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Bojack Horseman : Season 1

I recently finished Season 1 of BoJack Horseman for the first time, and I can agree with most by saying that it was definitely a ride. With this show being so popular among, not only my peers, but what seems like the rest of Gen Z America, I decided on a random day to give it a try. To see if it was truly deserving of its high rating and at the end of the day, I am not disappointed. This show has many good qualities, but the most prevalent is its ability to develop complex personalities with just 12 episodes. BoJack Horseman, the main character, is a previously famous reality show star living his sad life in Hollywood. BoJack is painted as a bad guy who only cares about himself. Still, as the season continues and Diane, BoJack’s ghost writer, learns more about BoJack, the audience sees many reasons why he behaves the way he does. With a tough childhood and a battle with alcohol and drug abuse, BoJack has reasons why he perceives life negatively. Besides BoJack and Diane, we see the development of two other characters: Todd and Sarah Lynn. These characters are people BoJack knew in his past, and both came to him when they had hit some kind of “low” in their lives. Although some of these characters bring comedic relief and show how friendship, especially in the public eye, can be, most of them have experienced a wrong in their lives that makes them have this same feeling of failure shown in BoJack’s life.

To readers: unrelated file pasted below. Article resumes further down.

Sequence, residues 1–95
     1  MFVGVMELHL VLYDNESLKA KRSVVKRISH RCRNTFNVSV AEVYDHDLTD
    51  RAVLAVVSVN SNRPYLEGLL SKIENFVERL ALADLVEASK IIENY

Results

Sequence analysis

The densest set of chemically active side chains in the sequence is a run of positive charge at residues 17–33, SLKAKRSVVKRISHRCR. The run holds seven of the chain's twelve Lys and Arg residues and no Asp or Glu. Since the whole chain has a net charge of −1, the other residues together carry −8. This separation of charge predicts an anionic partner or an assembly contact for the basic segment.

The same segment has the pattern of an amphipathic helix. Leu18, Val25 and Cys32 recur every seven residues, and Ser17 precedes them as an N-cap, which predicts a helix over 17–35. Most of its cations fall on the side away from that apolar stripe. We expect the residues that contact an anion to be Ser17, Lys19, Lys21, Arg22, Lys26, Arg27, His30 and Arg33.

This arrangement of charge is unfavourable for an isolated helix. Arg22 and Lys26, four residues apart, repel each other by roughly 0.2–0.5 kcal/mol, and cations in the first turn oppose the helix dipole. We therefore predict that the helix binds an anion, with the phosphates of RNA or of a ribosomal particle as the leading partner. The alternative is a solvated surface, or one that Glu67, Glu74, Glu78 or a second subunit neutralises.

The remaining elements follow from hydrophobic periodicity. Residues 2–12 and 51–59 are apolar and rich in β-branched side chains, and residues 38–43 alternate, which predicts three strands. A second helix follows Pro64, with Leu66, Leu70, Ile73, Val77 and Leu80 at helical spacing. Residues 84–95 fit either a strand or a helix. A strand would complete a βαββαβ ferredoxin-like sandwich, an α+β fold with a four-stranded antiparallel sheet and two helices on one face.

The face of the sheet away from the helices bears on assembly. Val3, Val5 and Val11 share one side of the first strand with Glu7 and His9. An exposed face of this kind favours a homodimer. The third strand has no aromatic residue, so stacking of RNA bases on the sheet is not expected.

Throughout the first season, BoJack is seen admiring his past frequently; he watches his old show, “Horsin’ Around,” for what seems like at least once every episode until the 11th episode in the season. He is obsessed with his past until he sees what Diane, who he thinks knows him the most, has to write about him in his biography. She wrote about how troubled he is and talked about his upbringing. He is a bad guy and doesn’t treat others with respect. BoJack saw this as a wake-up call. He saw how she had perceived him. BoJack hits what feels like emotional rock bottom: he no longer cares.

A show with messages as hard-hitting as BoJack‘s can be hard to execute correctly. Without enough character development, watchers ask, “Why should we care?” If the issues are not appropriately portrayed, viewers won’t have anything to relate to. However, I believe this show has effectively set a base for all the other seasons, while simultaneously allowing the show to end after the first one. Getting through the first couple of episodes was hard when I started watching. I kept thinking, “Why do people enjoy a show like this?” and “What is so special?”. But I had to consider what themes I have yet to see be developed. I connected with these characters. Although I might not relate to them, I formed an understanding, a connection to the world I was watching. Overall, the first season was very satisfying; at times hard to get through, but a great reason to finish the show. I can’t wait to see what happens next.

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